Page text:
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Local News

  • Police investigate rash of thefts

    From scrap metal to newspapers, local police are dealing with a rash of thefts.

    This year, Campbellsville Police have investigated several cases of scrap metal theft alone, while Taylor County Sheriff's deputies recently made an arrest in such a case.

    Campbellsville Police Chief Dennis Benningfield said his officers have investigated scrap metal cases ranging from the theft of gates and air conditioners to silverware and copper pipe.

  • Community Center gets renovations

    The Community Center recently got a facelift. And it could soon have a bit more work done.

    Taylor County Judge/Executive Eddie Rogers asked earlier this month for magistrates' approval to upgrade the kitchen at the Community Center. They asked for a committee to study the needed repairs and report back to the Court.

  • Athletic trainers now work with local high schools

    The sun beats down as the players take their positions. With a blow of a whistle, they're off.

    There are two new faces on the sidelines at local high schools. They won't be suiting up or blowing a whistle, though.

    Certified athletic trainers Glen Richardson and Candi Henry are working with Taylor County and Campbellsville high schools, respectively, to make sure local athletes are in tip-top shape for their games.

    Taylor Regional Hospital Rehabilitation Services is providing use of the trainers for free to TCHS and CHS.

  • KY 1798 will be closed Tuesday

    Motorists traveling KY 1798 in Taylor County should be advised that the road will be closed at mile point 0-1 beginning at 8 a.m. Tuesday.

    The closure is located near Robinson Creek, between the intersection with KY 70 and Gaddis Ridge Road.  Traffic will be able to access the remaining portions of KY 1798 from the intersection of KY 70 nearest to the Casey County line.
     
    Department of Highways crews will be installing a pipe at the location and should have their work completed by approximately 2 p.m.

  • Author signs books at library

     

    Dr. Bill Hopkins, a Kentucky author, signed copies and spoke about his book "Z: The Ultimate Resolution Starts Now" at Taylor County Public Library on Tuesday, Aug. 9. Hopkins, at right, is pictured with Taylor County Public Library Director Elaine Munday, at left, and Susan Brents.

  • CHS names Students of the Week

     

    Campbellsville High School recently announced its Students of the Week. From left are Owen Weeks, Gabby Sanders, Kyle Rakes, Katelyn McMahan, Ryan Gregory, Sydney Jeffries, Tyler Carson and Andreanna Frazier.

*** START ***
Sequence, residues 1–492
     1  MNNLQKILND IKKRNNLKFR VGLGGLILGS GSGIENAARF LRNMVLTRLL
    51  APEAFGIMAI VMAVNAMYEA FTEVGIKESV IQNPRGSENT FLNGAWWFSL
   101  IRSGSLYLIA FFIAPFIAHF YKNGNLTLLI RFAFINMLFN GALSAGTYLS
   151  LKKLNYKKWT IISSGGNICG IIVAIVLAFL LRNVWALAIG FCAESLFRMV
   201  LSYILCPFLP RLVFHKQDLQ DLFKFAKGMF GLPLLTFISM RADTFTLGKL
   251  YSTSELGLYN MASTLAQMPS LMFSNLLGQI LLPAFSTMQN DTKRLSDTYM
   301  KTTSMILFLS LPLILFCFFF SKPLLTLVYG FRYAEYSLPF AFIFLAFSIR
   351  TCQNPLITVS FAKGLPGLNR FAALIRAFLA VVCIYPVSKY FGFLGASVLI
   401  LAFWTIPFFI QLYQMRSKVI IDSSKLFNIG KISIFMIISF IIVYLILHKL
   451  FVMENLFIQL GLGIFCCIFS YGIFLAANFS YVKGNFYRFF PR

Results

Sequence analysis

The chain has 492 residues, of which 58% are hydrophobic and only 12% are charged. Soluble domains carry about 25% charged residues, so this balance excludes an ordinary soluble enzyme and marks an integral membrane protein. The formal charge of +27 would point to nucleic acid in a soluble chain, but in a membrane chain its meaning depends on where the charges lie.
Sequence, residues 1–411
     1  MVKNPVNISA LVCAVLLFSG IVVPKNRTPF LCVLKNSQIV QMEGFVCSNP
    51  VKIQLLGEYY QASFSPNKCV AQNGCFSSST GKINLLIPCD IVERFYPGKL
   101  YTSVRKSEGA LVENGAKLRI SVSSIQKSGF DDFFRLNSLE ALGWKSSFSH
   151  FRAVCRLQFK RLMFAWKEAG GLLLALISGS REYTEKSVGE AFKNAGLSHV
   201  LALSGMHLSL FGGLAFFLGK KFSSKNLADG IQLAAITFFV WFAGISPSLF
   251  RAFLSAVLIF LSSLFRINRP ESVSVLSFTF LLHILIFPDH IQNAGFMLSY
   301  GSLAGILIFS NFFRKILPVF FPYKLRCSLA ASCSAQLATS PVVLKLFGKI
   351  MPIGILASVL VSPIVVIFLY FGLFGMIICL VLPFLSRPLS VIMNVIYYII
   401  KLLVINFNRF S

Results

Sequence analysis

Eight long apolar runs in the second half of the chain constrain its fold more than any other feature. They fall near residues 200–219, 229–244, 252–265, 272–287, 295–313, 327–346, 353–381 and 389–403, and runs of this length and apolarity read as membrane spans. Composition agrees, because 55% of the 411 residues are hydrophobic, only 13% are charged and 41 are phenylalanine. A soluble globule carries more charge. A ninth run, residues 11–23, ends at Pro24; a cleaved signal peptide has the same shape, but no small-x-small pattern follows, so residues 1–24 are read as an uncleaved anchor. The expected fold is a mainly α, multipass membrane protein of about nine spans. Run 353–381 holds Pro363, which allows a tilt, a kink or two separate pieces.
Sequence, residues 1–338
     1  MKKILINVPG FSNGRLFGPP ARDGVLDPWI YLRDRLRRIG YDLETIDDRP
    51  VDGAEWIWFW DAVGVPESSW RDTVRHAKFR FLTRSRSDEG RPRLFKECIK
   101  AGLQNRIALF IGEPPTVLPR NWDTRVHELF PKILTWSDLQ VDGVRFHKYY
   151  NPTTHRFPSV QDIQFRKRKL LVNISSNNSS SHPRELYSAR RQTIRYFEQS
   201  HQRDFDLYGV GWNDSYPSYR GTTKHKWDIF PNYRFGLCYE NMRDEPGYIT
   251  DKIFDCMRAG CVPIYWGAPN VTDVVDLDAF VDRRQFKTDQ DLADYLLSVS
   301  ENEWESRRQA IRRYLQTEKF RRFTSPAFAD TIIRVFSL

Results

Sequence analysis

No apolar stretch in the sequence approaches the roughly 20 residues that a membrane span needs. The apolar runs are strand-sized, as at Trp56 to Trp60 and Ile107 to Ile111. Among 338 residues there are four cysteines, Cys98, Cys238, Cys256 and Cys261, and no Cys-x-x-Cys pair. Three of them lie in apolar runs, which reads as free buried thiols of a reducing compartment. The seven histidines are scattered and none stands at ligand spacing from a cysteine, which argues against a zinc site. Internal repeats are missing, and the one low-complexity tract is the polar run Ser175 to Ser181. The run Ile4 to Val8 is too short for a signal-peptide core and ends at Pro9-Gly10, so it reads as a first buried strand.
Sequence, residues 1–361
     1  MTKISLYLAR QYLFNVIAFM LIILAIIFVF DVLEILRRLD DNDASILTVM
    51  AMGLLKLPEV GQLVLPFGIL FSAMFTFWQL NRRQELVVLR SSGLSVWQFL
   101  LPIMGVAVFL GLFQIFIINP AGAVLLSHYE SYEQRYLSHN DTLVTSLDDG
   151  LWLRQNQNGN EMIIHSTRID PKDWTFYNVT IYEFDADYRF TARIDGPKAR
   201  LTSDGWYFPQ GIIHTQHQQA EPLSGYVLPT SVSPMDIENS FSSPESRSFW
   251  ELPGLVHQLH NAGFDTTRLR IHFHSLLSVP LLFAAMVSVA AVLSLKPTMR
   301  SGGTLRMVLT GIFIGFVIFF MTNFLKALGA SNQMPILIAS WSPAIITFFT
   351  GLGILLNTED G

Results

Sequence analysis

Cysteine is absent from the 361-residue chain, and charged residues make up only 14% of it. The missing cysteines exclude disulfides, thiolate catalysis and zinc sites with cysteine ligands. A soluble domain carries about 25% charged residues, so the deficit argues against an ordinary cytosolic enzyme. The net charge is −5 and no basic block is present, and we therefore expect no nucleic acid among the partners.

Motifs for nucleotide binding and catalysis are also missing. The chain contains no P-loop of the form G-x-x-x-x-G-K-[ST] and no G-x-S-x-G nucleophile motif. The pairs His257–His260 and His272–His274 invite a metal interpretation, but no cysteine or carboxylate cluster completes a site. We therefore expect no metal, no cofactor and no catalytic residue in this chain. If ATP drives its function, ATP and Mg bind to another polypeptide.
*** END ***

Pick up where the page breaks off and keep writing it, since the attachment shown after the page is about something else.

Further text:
• CU biology professor receives tenure, promotion

     

    Ariana Johnson

    Campbellsville University

    Brenda Tungate, assistant professor of biology at Campbellsville University, has been promoted to associate professor of biology and has also received tenure at Campbellsville University, according to an announcement from Dr. Michael V. Carter, president of Campbellsville University.

    Tungate has served at Campbellsville University since 2005. She teaches human anatomy and physiology, medical microbiology, immunology, biology, biochemistry and botany.

  • CU social work professor receives tenure

     

    Christina Kern

    Campbellsville University

    Dr. Helen Mudd, associate professor of social work at Campbellsville University, has been granted tenure, according to an announcement from Dr. Michael V. Carter, president of Campbellsville University.

  • CU professor promoted to associate professor of music

     

    Ariana Johnson

    Campbellsville University

    Dr. Reese Land, assistant professor of music/trumpet at Campbellsville University, has been promoted to associate professor of music, according to an announcement from Dr. Michael V. Carter, president of Campbellsville University.

    Land has served at CU since 2007.

  • TCMS students attend summer camps

     

    Students at Taylor County Middle School had four opportunities to attend summer learning camps.

    The first week, Bod Squad, taught students about how their bodies function. Students participated in many activities, including dissecting a sheep's eye, investigating the parts of their tongues that have different taste sensors and learning how the intestines absorb nutrition.